Why the hell does it still take us approximately the same amount of time to fly from New York to London? What the hell? I don't give a ###### about the far reaches of space. Give me technology that doesn't have me in the air all ###### day to fly from one end of this country to the other.

Vucking space rocks. Vocking engineers jerking each other off with make work.

Seriously.  We can send a vehicle to Mars but can't figure out a way to watch satellite television when it rains.  



#30 NorthernVike

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Posted 03 January 2019 - 08:46 AM

I thought this was going to be about the bottom of oldmaids  vajayjay.  :dunno:


Being an ass hole is all part of my manly essence

 

 



You guys have no focking clue what happened so you really should just shut it..

 


#31 wiffleball

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Posted 03 January 2019 - 09:01 AM

I thought this was going to be about the bottom of oldmaids  vajayjay.  :dunno:


The last guy to attempt to spelunk those nethers ended up eating the burro he rode to get to the bottom.
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#32 sderk

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Posted 03 January 2019 - 09:50 AM

If this is from the earliest time in the universe how could we even get close to it?  Wouldn't it be like a gazillion light years away by now?

It's about exploring the roots of this solar system. Not the universe. One step at a time.



#33 nobody

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Posted 03 January 2019 - 11:54 AM

Yeah cause trying to locate and track a 20 mile long rock 4 billion miles away, then fly a probe by it and take pictures, is so super easy


Agree that it's very difficult to the extent that it's a very hard logistics problem. All of the physics are very, very well-defined. They probably just punch in the parameters for the orbit of the asteroid in a piece of software and it spits out what they need to do to get there from Pluto.

All they did was use Hubble to find something that was already kind of in the path of the probe.

But understand we're not going to learn much from this. NASA's job is to hype this up so they can justify more and more funding.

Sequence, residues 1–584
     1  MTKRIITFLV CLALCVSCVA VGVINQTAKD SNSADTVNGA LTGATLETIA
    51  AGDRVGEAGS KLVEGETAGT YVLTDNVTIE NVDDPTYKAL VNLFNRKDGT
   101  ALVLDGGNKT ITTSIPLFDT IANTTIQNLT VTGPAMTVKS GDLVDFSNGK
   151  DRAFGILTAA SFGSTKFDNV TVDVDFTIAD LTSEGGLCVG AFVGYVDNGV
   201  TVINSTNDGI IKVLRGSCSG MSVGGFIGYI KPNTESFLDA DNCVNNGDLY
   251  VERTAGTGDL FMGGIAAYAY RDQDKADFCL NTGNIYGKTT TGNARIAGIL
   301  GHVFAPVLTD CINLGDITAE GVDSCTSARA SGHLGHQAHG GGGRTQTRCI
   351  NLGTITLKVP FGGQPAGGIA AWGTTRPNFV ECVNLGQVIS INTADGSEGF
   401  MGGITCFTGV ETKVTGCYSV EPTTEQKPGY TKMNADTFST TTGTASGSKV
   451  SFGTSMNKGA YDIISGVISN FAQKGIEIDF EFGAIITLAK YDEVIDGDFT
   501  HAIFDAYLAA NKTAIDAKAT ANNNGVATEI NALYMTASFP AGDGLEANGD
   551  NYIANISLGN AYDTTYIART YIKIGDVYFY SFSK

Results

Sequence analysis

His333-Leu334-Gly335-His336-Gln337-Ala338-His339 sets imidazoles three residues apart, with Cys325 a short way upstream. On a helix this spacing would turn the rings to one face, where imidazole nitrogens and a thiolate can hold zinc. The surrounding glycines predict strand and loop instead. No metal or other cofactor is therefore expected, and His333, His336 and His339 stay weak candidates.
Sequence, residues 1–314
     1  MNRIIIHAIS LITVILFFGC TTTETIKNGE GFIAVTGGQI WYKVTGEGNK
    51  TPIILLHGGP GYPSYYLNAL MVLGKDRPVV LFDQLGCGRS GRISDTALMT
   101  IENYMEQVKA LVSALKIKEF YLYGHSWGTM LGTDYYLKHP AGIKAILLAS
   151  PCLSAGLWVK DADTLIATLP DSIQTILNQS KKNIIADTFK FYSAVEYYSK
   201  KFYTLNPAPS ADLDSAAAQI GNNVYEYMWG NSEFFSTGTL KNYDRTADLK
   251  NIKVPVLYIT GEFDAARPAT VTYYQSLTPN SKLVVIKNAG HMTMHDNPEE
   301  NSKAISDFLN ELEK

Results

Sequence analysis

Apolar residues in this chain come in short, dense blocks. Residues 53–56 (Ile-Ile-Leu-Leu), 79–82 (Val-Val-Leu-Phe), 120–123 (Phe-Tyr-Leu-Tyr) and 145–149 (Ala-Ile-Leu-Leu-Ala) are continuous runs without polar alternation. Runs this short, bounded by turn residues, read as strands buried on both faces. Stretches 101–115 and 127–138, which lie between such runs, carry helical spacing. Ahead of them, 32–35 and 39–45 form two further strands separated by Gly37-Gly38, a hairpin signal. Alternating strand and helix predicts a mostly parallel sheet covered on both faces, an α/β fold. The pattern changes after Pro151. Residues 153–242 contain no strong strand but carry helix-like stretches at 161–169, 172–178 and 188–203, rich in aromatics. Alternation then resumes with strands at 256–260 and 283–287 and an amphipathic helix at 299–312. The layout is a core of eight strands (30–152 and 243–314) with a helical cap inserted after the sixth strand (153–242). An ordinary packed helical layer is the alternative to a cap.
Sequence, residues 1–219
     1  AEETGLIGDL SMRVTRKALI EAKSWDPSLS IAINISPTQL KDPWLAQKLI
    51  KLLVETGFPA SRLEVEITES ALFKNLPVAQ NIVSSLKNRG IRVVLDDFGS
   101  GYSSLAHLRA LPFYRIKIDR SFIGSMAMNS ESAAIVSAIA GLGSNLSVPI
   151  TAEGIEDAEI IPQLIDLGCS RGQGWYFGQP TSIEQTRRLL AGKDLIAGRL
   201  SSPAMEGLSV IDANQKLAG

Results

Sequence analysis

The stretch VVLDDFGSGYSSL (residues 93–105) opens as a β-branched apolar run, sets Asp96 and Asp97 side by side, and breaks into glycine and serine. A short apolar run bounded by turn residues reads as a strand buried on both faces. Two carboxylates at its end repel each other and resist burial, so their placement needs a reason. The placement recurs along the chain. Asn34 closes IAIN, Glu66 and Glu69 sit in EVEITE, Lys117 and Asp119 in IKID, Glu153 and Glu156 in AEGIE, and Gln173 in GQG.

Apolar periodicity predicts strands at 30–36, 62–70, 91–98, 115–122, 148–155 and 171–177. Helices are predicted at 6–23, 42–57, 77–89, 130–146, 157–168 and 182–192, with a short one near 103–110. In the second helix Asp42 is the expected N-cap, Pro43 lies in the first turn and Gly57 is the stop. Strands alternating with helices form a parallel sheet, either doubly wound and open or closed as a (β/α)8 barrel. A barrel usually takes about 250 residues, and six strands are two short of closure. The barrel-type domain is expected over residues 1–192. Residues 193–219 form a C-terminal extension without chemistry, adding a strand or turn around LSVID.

#34 sderk

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Posted 03 January 2019 - 12:15 PM

Agree that it's very difficult to the extent that it's a very hard logistics problem. All of the physics are very, very well-defined. They probably just punch in the parameters for the orbit of the asteroid in a piece of software and it spits out what they need to do to get there from Pluto.

All they did was use Hubble to find something that was already kind of in the path of the probe.

But understand we're not going to learn much from this. NASA's job is to hype this up so they can justify more and more funding.

Sure. And the moon landing was a studio set film. :thumbsdown:



#35 supermike80

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Posted 03 January 2019 - 03:38 PM

Agree that it's very difficult to the extent that it's a very hard logistics problem. All of the physics are very, very well-defined. They probably just punch in the parameters for the orbit of the asteroid in a piece of software and it spits out what they need to do to get there from Pluto.

All they did was use Hubble to find something that was already kind of in the path of the probe.

But understand we're not going to learn much from this. NASA's job is to hype this up so they can justify more and more funding.

Partially but also not entirely. They had to actually have the mo fo hopefully pass in front of a known star to be able to accurately track the path and get a guess on its shape. And yeah, it may be able for you to do this, I mean just simple physics and what not, but I was damn impressed with how they made that all work


And I am fine with NASA getting more funding.

Killjoy

If you are going to debate me on this bulletin board,

start with this premise..

You win.  And I don't care.


#36 sderk

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Posted 07 January 2019 - 04:36 PM

Partially but also not entirely. They had to actually have the mo fo hopefully pass in front of a known star to be able to accurately track the path and get a guess on its shape. And yeah, it may be able for you to do this, I mean just simple physics and what not, but I was damn impressed with how they made that all work


And I am fine with NASA getting more funding.

Killjoy


I like that NASA gets funded. I think learning about the solar system and the universe is way cooler than listening to Nancy Pelosi speak.

#37 nobody

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Posted 07 January 2019 - 04:43 PM

We figure out the origins of the universe from pictures of an asteroid yet?

#38 sderk

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Posted 07 January 2019 - 04:45 PM

We figure out the origins of the universe from pictures of an asteroid yet?


I guess it depends on what questions are being asked. But sure, they do find new things all the time.

#39 supermike80

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Posted 07 January 2019 - 05:05 PM

We figure out the origins of the universe from pictures of an asteroid yet?


Is that the goal?

If you are going to debate me on this bulletin board,

start with this premise..

You win.  And I don't care.


#40 kutulu

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Posted 07 January 2019 - 05:12 PM

Space: the final frontier.
If you want a picture of the future, imagine a boot stamping on a human faceforever.